In a sign of division, the Seattle School Board voted 4-3 Wednesday night to postpone consideration of a proposal about its own power.
The vote, the first 4-3 vote on the board in months, followed an unusually long and contentious debate about the proposal, which would have spelled out clear guidelines for appropriate behavior by board members — in essence, directing them to focus on districtwide policy and avoid interfering in day-to-day school operations.
Board President Michael DeBell wrote the proposal after popular Interim Superintendent Susan Enfield announced last month she would not seek the job on a permanent basis. DeBell believes consistent micromanagement by board members drove Enfield away and will hurt the school district’s chance of attracting a quality replacement.
At Wednesday’s meeting, Enfield herself offered support for that perspective.
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“It is sorely needed,” she said of the proposal in what may have been the first hint at the reason for her decision.
But despite that, four members led by Board Vice President Kay Smith-Blum successfully argued the proposal deserved discussion at a full board work session.
“I want to make sure we get this right,” she said.
Meanwhile, board member Betty Patu expressed anger at the proposal, which she feels is targeted at her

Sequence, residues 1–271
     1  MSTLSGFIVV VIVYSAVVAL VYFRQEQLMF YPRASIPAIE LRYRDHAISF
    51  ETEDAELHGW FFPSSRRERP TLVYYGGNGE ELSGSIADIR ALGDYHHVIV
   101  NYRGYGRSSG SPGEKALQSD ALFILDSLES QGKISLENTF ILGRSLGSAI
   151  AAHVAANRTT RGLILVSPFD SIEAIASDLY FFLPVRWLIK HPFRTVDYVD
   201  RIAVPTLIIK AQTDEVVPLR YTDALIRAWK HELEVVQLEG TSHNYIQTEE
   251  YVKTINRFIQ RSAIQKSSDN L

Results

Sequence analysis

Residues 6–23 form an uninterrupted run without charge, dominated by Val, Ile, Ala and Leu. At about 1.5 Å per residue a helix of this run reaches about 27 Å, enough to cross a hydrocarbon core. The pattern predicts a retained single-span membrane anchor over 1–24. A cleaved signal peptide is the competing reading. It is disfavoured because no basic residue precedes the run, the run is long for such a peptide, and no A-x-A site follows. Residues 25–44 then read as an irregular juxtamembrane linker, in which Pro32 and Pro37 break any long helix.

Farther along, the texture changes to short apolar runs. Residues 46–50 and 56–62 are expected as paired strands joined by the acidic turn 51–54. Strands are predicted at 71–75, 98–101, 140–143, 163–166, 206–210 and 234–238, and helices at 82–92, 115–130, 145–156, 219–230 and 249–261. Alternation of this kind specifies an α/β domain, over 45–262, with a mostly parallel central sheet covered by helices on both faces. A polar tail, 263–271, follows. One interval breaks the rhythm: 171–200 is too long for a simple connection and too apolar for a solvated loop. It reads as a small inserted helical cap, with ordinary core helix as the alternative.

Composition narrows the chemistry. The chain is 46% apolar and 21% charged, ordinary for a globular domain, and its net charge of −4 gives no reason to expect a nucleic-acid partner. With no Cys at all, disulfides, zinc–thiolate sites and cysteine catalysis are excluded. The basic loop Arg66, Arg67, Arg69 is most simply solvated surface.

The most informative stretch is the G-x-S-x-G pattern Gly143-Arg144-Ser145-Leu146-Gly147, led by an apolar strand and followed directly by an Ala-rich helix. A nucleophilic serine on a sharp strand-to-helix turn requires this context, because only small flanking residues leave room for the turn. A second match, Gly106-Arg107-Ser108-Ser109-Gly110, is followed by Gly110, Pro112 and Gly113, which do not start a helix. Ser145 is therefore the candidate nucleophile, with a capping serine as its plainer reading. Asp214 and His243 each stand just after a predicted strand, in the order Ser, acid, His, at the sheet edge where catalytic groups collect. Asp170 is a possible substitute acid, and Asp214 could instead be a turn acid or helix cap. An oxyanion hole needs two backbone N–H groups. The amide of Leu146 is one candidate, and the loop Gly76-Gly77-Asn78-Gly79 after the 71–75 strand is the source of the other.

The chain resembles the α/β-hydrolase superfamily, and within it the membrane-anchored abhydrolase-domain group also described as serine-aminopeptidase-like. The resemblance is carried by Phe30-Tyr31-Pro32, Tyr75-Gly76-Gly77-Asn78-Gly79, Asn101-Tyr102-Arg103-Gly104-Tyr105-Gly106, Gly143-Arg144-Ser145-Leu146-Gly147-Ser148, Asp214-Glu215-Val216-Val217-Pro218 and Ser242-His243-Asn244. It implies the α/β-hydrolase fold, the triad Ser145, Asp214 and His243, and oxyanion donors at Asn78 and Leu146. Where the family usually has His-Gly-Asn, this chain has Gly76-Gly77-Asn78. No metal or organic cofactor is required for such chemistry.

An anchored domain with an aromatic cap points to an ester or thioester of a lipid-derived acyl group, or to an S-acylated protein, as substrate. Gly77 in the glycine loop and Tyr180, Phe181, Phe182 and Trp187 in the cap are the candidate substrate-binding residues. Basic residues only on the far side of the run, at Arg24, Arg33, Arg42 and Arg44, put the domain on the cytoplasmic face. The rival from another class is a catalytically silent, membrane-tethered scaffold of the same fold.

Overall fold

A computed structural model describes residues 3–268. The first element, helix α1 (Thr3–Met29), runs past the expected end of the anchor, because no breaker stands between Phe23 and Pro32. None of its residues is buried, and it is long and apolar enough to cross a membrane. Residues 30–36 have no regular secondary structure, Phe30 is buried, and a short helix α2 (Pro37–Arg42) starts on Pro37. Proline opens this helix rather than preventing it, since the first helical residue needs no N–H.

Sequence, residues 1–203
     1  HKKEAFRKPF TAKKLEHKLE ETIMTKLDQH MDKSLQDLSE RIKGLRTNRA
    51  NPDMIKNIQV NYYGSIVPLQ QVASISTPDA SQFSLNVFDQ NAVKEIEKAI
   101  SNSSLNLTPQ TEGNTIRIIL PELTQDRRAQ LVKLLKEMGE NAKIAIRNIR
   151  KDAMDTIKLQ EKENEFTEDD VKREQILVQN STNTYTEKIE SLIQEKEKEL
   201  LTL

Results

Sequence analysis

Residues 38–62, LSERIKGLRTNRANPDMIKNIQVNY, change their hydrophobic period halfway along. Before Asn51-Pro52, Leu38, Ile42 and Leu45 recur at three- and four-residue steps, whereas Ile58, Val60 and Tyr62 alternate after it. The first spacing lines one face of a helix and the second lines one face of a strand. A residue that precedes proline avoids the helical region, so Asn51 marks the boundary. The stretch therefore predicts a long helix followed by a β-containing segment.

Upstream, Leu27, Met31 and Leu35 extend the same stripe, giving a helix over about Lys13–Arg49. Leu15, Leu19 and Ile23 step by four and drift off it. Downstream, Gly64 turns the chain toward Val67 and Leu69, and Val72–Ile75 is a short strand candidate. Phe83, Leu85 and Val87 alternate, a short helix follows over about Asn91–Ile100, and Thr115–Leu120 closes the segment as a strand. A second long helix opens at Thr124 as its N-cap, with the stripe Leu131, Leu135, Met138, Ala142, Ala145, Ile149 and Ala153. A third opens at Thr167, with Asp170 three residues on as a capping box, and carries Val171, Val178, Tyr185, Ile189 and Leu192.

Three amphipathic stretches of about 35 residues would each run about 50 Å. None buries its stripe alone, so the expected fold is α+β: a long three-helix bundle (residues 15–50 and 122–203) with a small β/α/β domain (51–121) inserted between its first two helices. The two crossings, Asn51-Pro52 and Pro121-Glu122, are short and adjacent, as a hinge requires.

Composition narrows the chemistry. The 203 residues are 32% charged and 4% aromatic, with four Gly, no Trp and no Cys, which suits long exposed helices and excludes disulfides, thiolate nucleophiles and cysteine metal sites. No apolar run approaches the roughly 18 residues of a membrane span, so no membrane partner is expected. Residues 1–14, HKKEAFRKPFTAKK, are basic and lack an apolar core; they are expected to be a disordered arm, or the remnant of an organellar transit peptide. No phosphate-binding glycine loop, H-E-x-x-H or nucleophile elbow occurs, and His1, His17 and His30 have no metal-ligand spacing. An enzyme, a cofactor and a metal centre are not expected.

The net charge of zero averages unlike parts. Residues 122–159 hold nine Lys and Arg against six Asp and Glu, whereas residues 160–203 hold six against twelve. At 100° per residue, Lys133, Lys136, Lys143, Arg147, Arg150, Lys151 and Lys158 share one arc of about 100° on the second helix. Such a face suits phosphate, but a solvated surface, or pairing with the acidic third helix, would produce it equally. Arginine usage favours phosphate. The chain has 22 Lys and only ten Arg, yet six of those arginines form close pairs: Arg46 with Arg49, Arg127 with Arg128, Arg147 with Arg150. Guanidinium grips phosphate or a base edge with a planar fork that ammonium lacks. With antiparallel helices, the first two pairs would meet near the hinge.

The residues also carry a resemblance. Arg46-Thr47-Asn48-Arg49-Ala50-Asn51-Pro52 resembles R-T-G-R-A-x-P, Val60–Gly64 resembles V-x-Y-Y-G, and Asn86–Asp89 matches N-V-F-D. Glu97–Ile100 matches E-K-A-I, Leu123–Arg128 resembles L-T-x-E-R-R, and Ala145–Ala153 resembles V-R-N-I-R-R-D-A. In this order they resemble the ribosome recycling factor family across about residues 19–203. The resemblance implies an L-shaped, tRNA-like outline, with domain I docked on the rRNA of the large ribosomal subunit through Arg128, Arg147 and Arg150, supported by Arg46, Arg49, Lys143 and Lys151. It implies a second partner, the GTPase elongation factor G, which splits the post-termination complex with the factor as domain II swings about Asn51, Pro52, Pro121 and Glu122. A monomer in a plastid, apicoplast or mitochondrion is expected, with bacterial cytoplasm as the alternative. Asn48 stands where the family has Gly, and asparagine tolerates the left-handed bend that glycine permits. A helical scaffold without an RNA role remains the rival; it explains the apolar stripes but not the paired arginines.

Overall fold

“If I am being accused of being an advocate for our students, staff and community, then I plead guilty,” she said before arguing the proposal would hinder her ability to respond to her constituents.
Also at Wednesday’s meeting, the board unanimously approved a plan to deal with serious school overcrowding in West Seattle and other parts of the city. The plan, which has been debated for months but has not significantly changed, would reopen the old Boren High School building (5950 Delridge Way S.W.) as an optional elementary school, add about 30 portables across the city and reduce the zone that is guaranteed admission to popular John Stanford International School.
Overcrowding will continue to be an issue, with enrollment expected to increase by at least another 4,000 students, to 52,750, by 2015. There will not be enough money available in the budget for significant new construction until 2016.